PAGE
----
Obama, McCain differ on abortion rights
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In several cases, Obama gave a Christian interpretation to his generally liberal political views. He said he is redeemed by Jesus, who died for his sins.Skip to next paragraph
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McCain tended to give shorter, less complex answers, winning somewhat more applause than Obama from the large, evangelical church's audience. On domestic matters, he restated his call to "drill now" in U.S. lands and waters for oil and natural gas.
McCain, asked the toughest decision in his life, cited his refusal to be released ahead of fellow U.S. prisoners of war in North Vietnam. "It took a lot of prayer," he said.
He retold his story of a Christmas Day celebration outside his cell, when a prison guard etched a cross into the dirt. "For a moment, we were just two Christians worshipping there," McCain said.
When Warren asked Obama to define the word "rich," the Illinois senator teased the pastor about the mammoth sales of his book, "The Purpose Driven Life." Obama noted his plan to add a new Social Security payroll tax to incomes above $250,000 a year.
McCain said, "some of the richest people I've ever known in my life are the most unhappy."
He said being rich should be defined by having a home and a prosperous and safe world. Without mentioning Obama, he said some want to increase taxes.
"I don't want to take any money from the rich. I want everybody to get rich," McCain said.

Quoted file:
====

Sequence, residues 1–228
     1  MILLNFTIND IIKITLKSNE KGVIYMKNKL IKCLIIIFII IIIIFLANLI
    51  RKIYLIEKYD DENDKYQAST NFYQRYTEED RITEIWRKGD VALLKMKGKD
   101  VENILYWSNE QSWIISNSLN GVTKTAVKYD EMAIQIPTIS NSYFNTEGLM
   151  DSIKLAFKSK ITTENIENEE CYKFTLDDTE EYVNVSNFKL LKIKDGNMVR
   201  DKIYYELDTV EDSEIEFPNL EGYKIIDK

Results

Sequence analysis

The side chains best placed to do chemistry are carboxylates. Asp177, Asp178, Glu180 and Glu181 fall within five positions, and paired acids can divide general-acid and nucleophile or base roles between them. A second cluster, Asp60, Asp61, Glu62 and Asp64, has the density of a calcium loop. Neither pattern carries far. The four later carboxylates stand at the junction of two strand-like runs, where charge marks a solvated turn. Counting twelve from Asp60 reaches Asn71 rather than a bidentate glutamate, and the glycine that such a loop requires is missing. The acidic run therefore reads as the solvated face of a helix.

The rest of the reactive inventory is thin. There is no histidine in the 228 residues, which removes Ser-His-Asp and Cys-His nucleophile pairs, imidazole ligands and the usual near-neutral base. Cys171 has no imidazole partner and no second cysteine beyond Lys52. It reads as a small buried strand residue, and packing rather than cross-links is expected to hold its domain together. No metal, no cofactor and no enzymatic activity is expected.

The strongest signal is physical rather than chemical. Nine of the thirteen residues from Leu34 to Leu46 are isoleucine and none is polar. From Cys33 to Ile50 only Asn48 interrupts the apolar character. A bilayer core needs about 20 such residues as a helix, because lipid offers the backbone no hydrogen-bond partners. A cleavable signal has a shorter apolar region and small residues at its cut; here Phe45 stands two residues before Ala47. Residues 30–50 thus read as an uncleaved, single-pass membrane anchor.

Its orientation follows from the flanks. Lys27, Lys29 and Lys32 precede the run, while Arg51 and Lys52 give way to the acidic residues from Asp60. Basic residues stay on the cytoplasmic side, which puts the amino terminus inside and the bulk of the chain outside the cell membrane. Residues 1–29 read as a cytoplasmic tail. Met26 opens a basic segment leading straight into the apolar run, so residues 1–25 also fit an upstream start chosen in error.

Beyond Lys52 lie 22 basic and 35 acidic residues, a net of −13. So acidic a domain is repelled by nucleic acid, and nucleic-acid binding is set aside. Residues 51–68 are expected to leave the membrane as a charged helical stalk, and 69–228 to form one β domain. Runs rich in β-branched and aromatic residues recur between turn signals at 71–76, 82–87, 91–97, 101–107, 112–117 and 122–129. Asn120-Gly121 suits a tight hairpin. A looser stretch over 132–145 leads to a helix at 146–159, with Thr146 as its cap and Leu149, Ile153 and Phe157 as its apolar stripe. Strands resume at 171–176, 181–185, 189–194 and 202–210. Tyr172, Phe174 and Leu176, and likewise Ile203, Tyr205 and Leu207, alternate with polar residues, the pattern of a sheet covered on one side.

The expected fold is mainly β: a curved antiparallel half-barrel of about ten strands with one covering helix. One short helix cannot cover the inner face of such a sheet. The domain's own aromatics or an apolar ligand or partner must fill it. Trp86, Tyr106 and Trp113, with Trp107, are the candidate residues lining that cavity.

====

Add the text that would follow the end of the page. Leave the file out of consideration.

When pushed on an exact number, he joked: "If you're just talking about income, how about five million?" He added, "I'm sure that comment will be distorted."
Asked to name three wise people they would listen to, Obama named his wife, Michelle; his maternal grandmother, who lives in Hawaii; and, not limiting himself to only a third, named several Democratic and Republican lawmakers.
He lauded Whitman for turning a five-person business into a billion-dollar piece of the economy. "It's one of these great economic success stories," McCain said.
Obama, asked his most significant policy shift in the last 10 years, cited welfare reform. As an Illinois state senator, he worked to mitigate what he thought could be "disastrous" effects of President Clinton's welfare reform effort. But over time he said he came to embrace Clinton's approach.
"We have to have work as a centerpiece of any social policy," Obama said.
Asked why they want to be president, Obama said the United States should be an empathetic power for good in the world, a mission he fears is slipping away.
McCain said, "I want to inspire a generation of Americans to serve a cause greater than its self interest. . But I also believe we face enormous challenges, both of national security and domestic."